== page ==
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Zomato's Post IPO Growth Strategy


The fact that a Unicorn Indian Startup raising funds through an Initial Public Offering is proof that the Indian Start-Up Ecosystem is alive and thriving. The Zomato IPO is one of the biggest IPOs that retail investors, as well as the big sharks, have been eying out for.


Zomato is all set to open its IPO on July 14 with a price band between Rs. 72-26. The company aims to raise Rs 9375 Crore funds and its holding company Infoedge is looking to sell off Rs. 375 crores from it. Its grey market premium price has trickled down to Rs. 10-16. This may because of its crazy valuation of Rs. 60,000 Crores for a loss-making company. Zomato has been valued more than the biggest QSRs in the country and many investors are very flimsy to consider investing in this IPO. Most retail investors question the fundamentals of the company and speculate whether the start-up can survive the next ten years.

When we take a look at the financials of the company, we can see that Zomato has been incurring huge losses in crores year on year. This has severely affected the outlook of the company by many investors whether if it is really worth investing in. But we are missing out while analyzing the company is that Zomato cant be equated to a company from the Quick Service Restaurant Industry. Zomato is a technology and logistics company and it is normal for such companies to incur heavy losses during its expansion phase. It is during this period the company aims for customer acquisition. Once a critical mass in the customer base is acquired, it makes more sense for the company to target profitability year on year and maintain a healthy balance sheet.


Zomato's biggest leverage in the Indian economy is its untapped internet penetration to its population. At the present, over 43% of the population has access to the internet based on the projection from 2019. With the advent of the pandemic, the numbers would be even higher than the projected figures. This is Zomato's opportunity to raise fresh funds to run aggressive expansion strategies to acquire customers and eventually raise the order frequency, volume, and average value per order.

While comparing to the global food tech industry competitors, we can see that prorating the fraction of the growth with respect to theirs, makes our country's potential to grow twice the size of the current industry value very possible.


But if Zomato uses the fresh funds to execute the same business model, it may still result in being a loss-making company. The answer lies in integrating a new business model to the existing set of operations by incorporating Data and Partnerships into the mix.


Zomato Kitchens

In this day and age of data as the new gold, Zomato is has a competitive advantage in the industry. The company can analyze massive amounts of data to understand customer behavior and order types. From the database, the would have information such as

  • Customer Demography

  • Competitor Order Data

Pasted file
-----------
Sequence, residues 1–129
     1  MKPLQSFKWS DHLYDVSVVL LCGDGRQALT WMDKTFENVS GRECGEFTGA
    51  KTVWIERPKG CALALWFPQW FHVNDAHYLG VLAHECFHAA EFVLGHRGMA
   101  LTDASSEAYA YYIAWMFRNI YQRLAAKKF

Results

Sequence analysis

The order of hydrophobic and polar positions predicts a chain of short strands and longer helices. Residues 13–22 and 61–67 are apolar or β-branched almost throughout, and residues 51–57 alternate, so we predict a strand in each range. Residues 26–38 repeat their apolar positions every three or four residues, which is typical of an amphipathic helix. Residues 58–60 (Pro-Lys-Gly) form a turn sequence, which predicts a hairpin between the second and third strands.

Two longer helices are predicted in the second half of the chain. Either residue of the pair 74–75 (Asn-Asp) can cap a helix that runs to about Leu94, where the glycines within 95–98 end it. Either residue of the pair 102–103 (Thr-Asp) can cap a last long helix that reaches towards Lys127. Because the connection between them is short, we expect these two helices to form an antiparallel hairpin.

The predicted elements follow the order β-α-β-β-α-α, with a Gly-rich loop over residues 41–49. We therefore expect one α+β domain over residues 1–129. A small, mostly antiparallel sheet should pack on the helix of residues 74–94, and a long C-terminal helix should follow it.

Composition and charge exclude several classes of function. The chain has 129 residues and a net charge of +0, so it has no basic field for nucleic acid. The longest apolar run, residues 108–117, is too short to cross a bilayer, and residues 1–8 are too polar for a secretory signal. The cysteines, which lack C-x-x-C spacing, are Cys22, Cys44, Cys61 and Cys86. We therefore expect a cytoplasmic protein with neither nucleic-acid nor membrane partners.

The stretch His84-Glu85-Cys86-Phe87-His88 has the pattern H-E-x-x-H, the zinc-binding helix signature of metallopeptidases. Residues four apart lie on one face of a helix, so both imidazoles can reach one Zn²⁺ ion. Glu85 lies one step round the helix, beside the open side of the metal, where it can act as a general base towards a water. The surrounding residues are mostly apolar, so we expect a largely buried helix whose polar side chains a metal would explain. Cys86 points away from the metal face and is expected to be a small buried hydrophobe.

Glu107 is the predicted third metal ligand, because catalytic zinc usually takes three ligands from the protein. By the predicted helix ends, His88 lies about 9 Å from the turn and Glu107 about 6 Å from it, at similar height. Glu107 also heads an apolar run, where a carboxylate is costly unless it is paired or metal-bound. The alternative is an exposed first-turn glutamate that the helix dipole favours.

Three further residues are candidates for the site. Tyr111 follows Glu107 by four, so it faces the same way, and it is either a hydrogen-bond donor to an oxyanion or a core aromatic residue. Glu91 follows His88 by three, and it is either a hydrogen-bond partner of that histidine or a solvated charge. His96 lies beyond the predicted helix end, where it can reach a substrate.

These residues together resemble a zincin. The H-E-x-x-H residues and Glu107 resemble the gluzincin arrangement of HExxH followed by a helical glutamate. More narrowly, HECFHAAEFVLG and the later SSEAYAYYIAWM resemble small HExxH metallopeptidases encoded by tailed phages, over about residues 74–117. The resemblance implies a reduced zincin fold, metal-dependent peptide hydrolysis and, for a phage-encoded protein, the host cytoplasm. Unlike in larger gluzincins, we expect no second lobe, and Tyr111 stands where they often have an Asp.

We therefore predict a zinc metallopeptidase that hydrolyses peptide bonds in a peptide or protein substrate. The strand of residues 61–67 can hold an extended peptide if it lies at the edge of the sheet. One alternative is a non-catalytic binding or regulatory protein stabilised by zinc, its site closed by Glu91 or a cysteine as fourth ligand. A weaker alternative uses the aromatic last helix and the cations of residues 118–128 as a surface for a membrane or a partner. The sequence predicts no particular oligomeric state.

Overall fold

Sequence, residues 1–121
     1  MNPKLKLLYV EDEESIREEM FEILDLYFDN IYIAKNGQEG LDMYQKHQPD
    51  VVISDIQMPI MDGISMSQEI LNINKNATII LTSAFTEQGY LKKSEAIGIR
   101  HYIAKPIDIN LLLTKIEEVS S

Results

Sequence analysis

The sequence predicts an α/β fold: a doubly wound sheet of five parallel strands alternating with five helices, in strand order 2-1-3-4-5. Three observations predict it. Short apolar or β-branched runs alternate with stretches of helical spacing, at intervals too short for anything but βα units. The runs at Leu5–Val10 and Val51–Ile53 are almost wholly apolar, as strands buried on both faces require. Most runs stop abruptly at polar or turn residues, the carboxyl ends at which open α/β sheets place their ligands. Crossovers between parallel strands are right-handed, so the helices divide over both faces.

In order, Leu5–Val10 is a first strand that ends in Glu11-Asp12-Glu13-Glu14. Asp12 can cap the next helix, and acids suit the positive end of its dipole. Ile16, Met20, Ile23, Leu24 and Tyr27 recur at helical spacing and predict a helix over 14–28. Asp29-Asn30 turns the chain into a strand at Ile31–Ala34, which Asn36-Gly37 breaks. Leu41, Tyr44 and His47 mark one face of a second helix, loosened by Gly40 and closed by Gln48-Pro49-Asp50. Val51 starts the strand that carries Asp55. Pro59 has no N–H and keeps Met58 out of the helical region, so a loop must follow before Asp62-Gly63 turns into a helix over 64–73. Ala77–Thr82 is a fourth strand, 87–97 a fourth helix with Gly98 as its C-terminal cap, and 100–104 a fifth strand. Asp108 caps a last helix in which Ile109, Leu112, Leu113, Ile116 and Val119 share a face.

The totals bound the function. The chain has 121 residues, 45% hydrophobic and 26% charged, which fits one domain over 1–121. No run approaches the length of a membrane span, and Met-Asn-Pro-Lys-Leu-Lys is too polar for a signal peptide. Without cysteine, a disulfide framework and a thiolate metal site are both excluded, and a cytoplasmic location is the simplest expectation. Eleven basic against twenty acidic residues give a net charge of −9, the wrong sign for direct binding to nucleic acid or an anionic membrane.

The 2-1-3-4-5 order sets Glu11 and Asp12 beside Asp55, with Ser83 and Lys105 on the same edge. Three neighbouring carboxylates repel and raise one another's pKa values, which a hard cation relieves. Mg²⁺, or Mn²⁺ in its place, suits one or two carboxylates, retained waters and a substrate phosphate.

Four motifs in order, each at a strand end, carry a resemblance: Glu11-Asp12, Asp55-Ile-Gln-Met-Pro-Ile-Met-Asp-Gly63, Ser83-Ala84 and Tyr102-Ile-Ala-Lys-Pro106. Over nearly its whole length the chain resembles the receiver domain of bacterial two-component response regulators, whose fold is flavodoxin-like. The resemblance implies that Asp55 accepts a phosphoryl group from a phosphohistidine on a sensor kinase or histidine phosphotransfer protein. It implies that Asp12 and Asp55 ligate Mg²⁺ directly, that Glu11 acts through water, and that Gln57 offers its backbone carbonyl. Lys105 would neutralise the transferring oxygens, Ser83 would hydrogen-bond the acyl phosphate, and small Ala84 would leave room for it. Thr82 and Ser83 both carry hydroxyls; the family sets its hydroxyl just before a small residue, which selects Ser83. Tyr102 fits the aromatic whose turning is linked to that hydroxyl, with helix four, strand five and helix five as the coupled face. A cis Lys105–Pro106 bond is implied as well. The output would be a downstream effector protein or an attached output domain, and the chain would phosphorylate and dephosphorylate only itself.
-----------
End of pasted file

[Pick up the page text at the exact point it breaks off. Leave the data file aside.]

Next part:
• Peak Ordering Time

  • Average Order Value and Type per area

  • Best Selling Dishes

  • Sweet Spot for Competitive Pricing

  • High Conversion Ad campaigns

And much more information that can give actionable insights for the company to execute strategies for a set to goal with the fresh set of funds available for them

This data would be more than enough to scale their cloud kitchens aggressively while going head-on with the industry leaders in the cloud kitchen space.


Ethical Monopoly Model for Collaborative Cloud Kitchens

Clearly, with all the data Zomato is at a stark competitive advantage as compared to its peers. This can make them take advantage of the weak players and capitalize on the industry. But also the can-do an ethical monopoly-based model for collaborative cloud kitchens.

As the pandemic has struck many businesses in a lot of ways but they have been resilient to adapt to the changing conditions and run operations to make ends meet. Most restaurants have shifted their model to a cloud kitchen set up with different aggregators to bring in customers for them at a premium of 28-30% per order. This would result in them incurring fixed costs, raw material costs, and operational costs that would finally funnel into profit.

What Zomato can do here is that they can analyze the popular restaurants around the area to offer collaborative spaces that would reduce their expense to bring in more profit. The independent business would be incurring predominantly variable costs and would be able to have more flexibility in their operations.

In this current model, Zomato will take care of the supply and operations to have better profits margins and commissions for both parties.


But still, would you Go in for the IPO?

All of these are potential growth strategies that Zomato can implement but we are still unclear on the direction of its trajectory,


At least we can go in for the listing gains if we don't believe in it for the long run :)












































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